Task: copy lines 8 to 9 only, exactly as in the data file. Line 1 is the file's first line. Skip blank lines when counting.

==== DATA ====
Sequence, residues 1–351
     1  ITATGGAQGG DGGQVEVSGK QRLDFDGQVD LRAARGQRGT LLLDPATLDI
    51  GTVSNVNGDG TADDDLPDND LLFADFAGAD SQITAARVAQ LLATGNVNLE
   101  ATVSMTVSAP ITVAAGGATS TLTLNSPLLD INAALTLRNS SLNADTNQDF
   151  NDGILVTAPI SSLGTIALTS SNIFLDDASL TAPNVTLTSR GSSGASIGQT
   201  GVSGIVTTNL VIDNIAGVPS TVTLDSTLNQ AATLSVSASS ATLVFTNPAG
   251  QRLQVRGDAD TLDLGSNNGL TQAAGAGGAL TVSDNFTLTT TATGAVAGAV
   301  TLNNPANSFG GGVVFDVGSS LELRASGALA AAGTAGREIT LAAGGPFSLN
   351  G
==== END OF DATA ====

   301  TLNNPANSFG GGVVFDVGSS LELRASGALA AAGTAGREIT LAAGGPFSLN
   351  G